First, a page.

Chicken skin can stay during cooking

EATING WELL

October 04, 1994|By Colleen Pierre | Colleen Pierre,Special to The Sun

Here's a new twist on chicken:

The fat content of chicken meat is the same whether you cook it with the skin on or off, according to Eric Hentges, director of research for the National Livestock and Meat Board.

Mr. Hentges is part of the team that developed the meat Nutri-Facts posters that could appear in your grocery store in late November. Fresh meat and poultry labeling is the second installment of that same Nutrition Labeling and Education Act that required Nutrition Facts labels on virtually all processed foods now in grocery stores.

Originally, point-of-sale information (wall charts, rather than labels on each package) for fresh meat and poultry was due by July 8, as were the Nutrition Facts labels. But wrangling over descriptions for ground meat and poultry's fat content has delayed publication of the rulings by the U.S. Department of Agriculture until Oct. 8. Charts can't be completed until the rulings are in.

As the rules stand, charts must show the fat content when meat is cooked as purchased with fat and skin on, then trimmed after cooking. There will be an option to reveal fat content when meat and poultry are peeled and trimmed first.

Mr. Hentges told a meeting of American Dietetic Association spokesmen and spokeswomen that the membrane under the chicken skin deflects melting fat so it can't be absorbed by the meat. At the same time, the skin and membrane prevent moisture from evaporating from the meat, giving you a juicier, tastier piece of chicken.

This concept doesn't apply to red meat. When you're dealing with steaks, chops or roasts, the membrane has been ruptured during butchering, so there is no protective factor. Mr. Hentges said that the fat travels into the meat during cooking, increasing the fat content of the lean portion.

So when you roast, bake or broil chicken, you can leave the skin on during cooking, if you can resist eating that crispy skin. If you're like the rest of us mere mortals, you might do better to pull the skin off, season the chicken, then cover it with aluminum foil to keep the moisture in.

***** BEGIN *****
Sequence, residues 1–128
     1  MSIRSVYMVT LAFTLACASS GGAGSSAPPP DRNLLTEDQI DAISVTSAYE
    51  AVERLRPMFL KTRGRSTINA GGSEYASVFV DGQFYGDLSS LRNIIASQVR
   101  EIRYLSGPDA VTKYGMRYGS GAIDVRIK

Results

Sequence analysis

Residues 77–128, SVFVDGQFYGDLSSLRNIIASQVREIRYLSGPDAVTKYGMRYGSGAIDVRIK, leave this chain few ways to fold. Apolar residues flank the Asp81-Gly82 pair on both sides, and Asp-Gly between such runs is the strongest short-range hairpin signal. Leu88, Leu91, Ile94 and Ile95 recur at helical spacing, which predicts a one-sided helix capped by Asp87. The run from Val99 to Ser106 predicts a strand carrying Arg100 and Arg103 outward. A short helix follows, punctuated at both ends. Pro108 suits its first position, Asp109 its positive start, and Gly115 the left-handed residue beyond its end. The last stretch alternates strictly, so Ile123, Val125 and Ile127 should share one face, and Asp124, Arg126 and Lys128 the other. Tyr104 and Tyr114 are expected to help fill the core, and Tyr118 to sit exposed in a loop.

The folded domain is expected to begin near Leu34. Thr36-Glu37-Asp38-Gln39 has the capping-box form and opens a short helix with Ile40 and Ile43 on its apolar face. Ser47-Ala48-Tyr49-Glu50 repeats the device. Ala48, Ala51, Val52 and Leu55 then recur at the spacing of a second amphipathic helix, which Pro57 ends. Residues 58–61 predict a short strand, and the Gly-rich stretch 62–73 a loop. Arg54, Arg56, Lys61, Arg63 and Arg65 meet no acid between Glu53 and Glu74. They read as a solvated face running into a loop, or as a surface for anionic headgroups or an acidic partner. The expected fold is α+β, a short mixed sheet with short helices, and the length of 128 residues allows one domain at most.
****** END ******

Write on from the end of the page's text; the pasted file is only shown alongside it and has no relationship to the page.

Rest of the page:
But trim all visible fat from meat before cooking to reduce fat below what you might see on the charts. Roasting, broiling and grilling very lean meats can produce a tough product if you overcook them. So experiment with moist cooking methods for beef round or flank, like simmering in red wine or tomato sauce for a more tender product.

Savory round steak

Serves 2

2 1/4 -lb. beef eye round steaks, trimmed of visible fat

1 large clove garlic, finely chopped

1 large green pepper, cut into bite- size pieces

1 large yellow onion, coarsely chopped

L 1 pound chopped fresh tomatoes, or contents of a 1-pound can

1/2 cup fresh mushrooms, sliced

1 tablespoon each fresh oregano and thyme, or 1/2 teaspoon dried

1 cup dry red wine

1/4 teaspoon salt

freshly ground pepper to taste

Water as needed

Spray a large, heavy, non-stick skillet with a burst of cooking spray. Brown round steaks on both sides. Remove from pan.

Add onions and garlic and about two tablespoons of water. Cover pan and cook over low heat until onions and garlic are transparent.

Add red wine and deglaze skillet. Return meat to skillet and surround with vegetables and herbs. Add enough water to cover meat. Cover pan. Simmer about 30 minutes until meat is fork tender. Add salt and pepper. Serve over steamed rice or noodles.

Nutrition Information per serving: 220 calories, 27 gm protein, 15 gm carbohydrate, 5 gm fat, 58 mg cholesterol, 331 mg sodium.

Colleen Pierre, a registered dietitian, is the nutrition consultant the the Union Memorial Sports Medicine Center and Vanderhorst & Associates in Baltimore.

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